Here’s How 3M and Honeywell Deal Are Dealing With Economic Woes
Continued economic worries have left their mark on large manufacturers; because of increased financial pressures, both 3M (NYSE:MMM) and Honeywell (NYSE:HON) have signed takeover deals in recent weeks to further diversify their catalog of industrial products.
3M announced its intentions to buy industrial ceramics company, Ceradyne (NASDAQ:CRDN), for $860 million on Friday. For the manufacturer of products ranging from Post-It notes to films used in television screens, this will be the largest acquisition since Inge Thulin became the company’s chief executive officer in February.
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Shares in the company rose 1.5 percent following the news, even though some analysts thought the deal was not a bargain. 3M paid $35 per share for Ceradyne, which closed at $35.04 on Friday.
“The valuation is pretty full on this one,” said Edward Jones analyst Jeff Windau to Reuters. “But it does fit nicely with 3M and what their fundamental business is, and that is the materials sector. It makes a lot of sense for them.”
The company also has another large deal planned, a $550 million acquisition of Avery-Dennison (NYSE:AVY), if U.S. regulators lift their objections. For analysts, 3M’s current strategy of focusing on larger deals, rather than smaller takeovers, may be a more effective way to increase the size of the company. The acquisition of Ceradyne will not only increase its presence in the aerospace sector, but add $476.7 billion to 3M’s predicted revenue of $30 billion this year.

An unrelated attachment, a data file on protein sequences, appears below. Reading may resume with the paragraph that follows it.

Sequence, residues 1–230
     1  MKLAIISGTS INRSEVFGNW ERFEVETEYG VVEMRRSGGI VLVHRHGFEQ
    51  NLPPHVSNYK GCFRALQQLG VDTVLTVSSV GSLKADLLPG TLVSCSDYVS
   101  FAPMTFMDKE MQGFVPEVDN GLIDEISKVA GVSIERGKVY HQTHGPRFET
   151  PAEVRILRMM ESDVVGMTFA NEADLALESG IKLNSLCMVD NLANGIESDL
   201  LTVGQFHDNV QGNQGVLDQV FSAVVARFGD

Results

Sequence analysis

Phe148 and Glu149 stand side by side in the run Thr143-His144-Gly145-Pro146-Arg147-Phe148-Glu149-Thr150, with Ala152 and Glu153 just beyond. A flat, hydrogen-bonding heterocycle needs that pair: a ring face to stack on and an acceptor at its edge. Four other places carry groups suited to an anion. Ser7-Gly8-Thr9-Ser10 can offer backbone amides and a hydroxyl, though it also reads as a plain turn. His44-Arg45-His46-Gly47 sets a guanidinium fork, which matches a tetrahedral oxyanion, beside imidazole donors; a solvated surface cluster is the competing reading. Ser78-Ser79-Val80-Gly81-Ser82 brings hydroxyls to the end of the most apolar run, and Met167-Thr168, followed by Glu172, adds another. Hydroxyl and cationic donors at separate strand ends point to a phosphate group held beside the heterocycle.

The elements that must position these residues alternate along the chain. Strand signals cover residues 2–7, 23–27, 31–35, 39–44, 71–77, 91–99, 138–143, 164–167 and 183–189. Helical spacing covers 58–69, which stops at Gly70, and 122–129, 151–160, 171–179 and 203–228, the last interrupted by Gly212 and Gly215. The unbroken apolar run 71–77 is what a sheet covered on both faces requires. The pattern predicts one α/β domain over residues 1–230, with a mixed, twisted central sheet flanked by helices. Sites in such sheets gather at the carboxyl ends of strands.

For its part, Honeywell plans to spend $525 million in cash for a 70 percent stake in privately held Thomas Russell, a company which makes equipment for natural gas production. Big U.S. manufacturers, like General Electric (NYSE:GE), have increased their presence in that sector recently, due to the surge in natural gas production in the United States. The company has the right to buy the remaining 30 percent of Thomas Russell at a price linked to the business’s operating income.
Honeywell expects that Thomas Russell will generate revenue of approximately $425 million for 2012, while analysts predict revenue of $38.11 billion from Honeywell.
The deals have progressed despite the numerous worries faced by both 3M and Honeywell, among them concerns that the U.S fiscal cliff could force year-end spending cuts by the federal government and concerns over slow growth in Asia. In fact, U.S. industrial companies as a group have increased their rate of deal-making in 2012. The chief executives of both Honeywell and 3M have said separately in recent weeks that the concerns for the global economy have made acquisition negotiations simpler.
“When times are bad and everybody is uncertain about the future, that is the right time to buy,” Honeywell CEO Dave Cote said last month at an investor conference in Boston.